Pittsburgh Pirates: Trevor Williams' sinker. In his second full season, Williams finished 14-10 with a 3.11 ERA, including a remarkable run over his final 13 starts, when he posted a 1.29 ERA and had eight scoreless outings. He doesn't throw hard or rack up the strikeouts, so we'll see if he can repeat his soft-contact success story. If so, maybe the Pirates have a chance of surprising.
Level of excitement: 1. I get the feeling that no fan base is more ticked off these days than Pittsburgh's -- and with good reason after ownership did nothing (again) following an 82-win season while watching other teams in the NL make moves. Attendance was down almost 500,000 in 2018 even though the team was better, and it might decline again. There are ramifications to keeping your money locked up in a bank vault instead of spending it on talent.
Cincinnati Reds: Yasiel Puig and his new friends. Unlike the Pirates, the Reds have had enough with losing, and they made a bunch of "win-now" moves, most notably acquiring Puig, Alex Wood and Matt Kemp's contract from the Dodgers. Top prospect Nick Senzel should be ready to make an impact as well. All eyes, however, will be on Puig. There's hardly a bigger contrast in cities than L.A. and Cincinnati, and how he adapts and performs -- will he sulk or play with a chip on his shoulder? -- will be a story to watch all season.
Level of excitement: 3. For the first time in five years, Reds fans are cautiously optimistic, but they know it's a tough division.
Los Angeles Dodgers: Corey Seager and Julio Urias. I know, this is two things, but they're both important! Seager's return from Tommy John surgery is obviously one of the biggest stories in spring training. But I'm fascinated to see if Urias is ready to make a major impact; remember, before his shoulder surgery in 2017, he was arguably the best pitching prospect in baseball. He returned at the end of 2018 and the Dodgers put him on their playoff roster, even though he had pitched only four innings in the regular season. He is still just 22 and could be one of those many rotation pieces for the Dodgers.
Level of excitement: 4. It should be a 5, but Dodgers fans are doing a lot of whining about not signing Harper.
Colorado Rockies: Garrett Hampson. I'm a big fan of Hampson, the speedy infielder who hit .311 across two levels of the minors while swiping 36 bases in 41 attempts. He also has played a few games in center, and with Charlie Blackmon moving to left, Hampson certainly will get some time in the outfield. Frankly, I'd like to see him out there and Ryan McMahon at second (holding down the fort until Brendan Rodgers is ready) and whole lot less of Ian Desmond.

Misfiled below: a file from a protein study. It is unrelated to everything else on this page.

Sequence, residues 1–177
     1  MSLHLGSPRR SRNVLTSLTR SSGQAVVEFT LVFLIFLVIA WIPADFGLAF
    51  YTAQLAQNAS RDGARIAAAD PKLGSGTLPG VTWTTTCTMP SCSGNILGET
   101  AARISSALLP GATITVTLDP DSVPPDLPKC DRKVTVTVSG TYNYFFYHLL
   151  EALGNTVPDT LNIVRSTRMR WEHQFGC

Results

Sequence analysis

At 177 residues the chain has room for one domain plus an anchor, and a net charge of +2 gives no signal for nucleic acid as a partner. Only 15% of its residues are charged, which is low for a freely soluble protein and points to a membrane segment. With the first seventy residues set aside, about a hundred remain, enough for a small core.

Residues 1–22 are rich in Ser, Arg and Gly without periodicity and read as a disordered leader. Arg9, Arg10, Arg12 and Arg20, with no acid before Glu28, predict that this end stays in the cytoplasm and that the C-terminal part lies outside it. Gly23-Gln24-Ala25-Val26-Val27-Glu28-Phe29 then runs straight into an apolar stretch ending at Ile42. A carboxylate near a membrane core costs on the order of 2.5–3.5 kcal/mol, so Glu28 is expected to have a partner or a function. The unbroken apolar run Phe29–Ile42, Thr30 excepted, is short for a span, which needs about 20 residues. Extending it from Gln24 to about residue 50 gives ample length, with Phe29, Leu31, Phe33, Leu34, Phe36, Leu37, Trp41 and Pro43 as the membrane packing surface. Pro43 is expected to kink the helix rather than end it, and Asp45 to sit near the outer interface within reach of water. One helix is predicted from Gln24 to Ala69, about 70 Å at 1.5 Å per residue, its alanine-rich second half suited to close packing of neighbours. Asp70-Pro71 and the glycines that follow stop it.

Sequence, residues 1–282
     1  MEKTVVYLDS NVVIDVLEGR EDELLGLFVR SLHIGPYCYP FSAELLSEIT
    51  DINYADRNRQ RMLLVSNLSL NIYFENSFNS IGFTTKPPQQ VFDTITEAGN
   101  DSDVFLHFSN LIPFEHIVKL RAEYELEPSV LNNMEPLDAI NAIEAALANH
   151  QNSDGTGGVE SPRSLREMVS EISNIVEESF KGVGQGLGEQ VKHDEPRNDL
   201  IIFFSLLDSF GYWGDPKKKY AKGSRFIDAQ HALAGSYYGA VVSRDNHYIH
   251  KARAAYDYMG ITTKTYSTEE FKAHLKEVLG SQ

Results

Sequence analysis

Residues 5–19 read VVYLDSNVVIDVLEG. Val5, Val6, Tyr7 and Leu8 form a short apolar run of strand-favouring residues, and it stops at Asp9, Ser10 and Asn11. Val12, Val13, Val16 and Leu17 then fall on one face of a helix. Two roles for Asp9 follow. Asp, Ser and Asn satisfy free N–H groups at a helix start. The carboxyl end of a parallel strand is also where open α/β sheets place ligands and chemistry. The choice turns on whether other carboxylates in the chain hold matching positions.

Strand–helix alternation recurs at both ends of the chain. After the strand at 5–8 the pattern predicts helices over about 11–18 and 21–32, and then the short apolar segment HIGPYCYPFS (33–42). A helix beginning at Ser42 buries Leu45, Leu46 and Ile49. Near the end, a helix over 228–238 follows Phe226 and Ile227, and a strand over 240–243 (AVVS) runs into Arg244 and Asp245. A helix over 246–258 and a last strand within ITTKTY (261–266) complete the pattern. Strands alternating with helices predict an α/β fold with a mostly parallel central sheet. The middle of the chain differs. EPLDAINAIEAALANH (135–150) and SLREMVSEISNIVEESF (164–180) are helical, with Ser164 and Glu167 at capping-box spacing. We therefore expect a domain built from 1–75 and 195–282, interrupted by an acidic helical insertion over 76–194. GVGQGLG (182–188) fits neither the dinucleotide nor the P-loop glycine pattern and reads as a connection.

Level of excitement: 4. There are some frayed nerves waiting to see if Nolan Arenado will sign an extension, but after two straight wild-card seasons, Rockies fans should be pumped for 2019.
Arizona Diamondbacks: Who is Merrill Kelly? The D-backs are hoping to pull off a coup with Kelly, similar to what the Cardinals did last year when they plucked Miles Mikolas out of Japan. Kelly, a former Rays farmhand, spent the past four seasons pitching in Korea, and he will get a crack at replacing Patrick Corbin in the rotation.
Level of excitement: 2. The franchise icon is gone. Corbin is gone. A.J. Pollock signed with a division rival. I'd say this will affect attendance, but the Diamondbacks seem to draw 2 million to 2.2 million no matter how good or bad the team plays.
San Francisco Giants: Buster Posey's hip. The six-time All-Star is expected to be ready for Opening Day after hip surgery in August. Posey's power was sapped last season because he couldn't explode through the zone with his swing, so the hope is he returns healthy and hitting .300 again. Even when he was last healthy in 2017, Posey started just 96 games at catcher and 30 at first base, so he's likely going to split even more time between the two positions.
Level of excitement: 2. The Giants are old and bad, and their farm system is weak. But Scottsdale in March is still a great place to go.
San Diego Padres: All the kids. Unfortunately, it has been an offseason of a lot of talk and no action for the Padres. They've been in on Harper and Machado and inquired about Realmuto, but their biggest move was signing Garrett Richards, who might not even pitch in 2019 as he recovers from Tommy John surgery. Still, the Padres should have one of the most intriguing camps because of their top-rated farm system (and Fernando Tatis Jr. in particular), plus already-in-the-majors youngsters such as Franmil Reyes and Franchy Cordero.
Level of excitement: 3. The enthusiasm has been tempered a bit by the lack of a big move, but the Padres are rightfully the most hopeful they've been in years.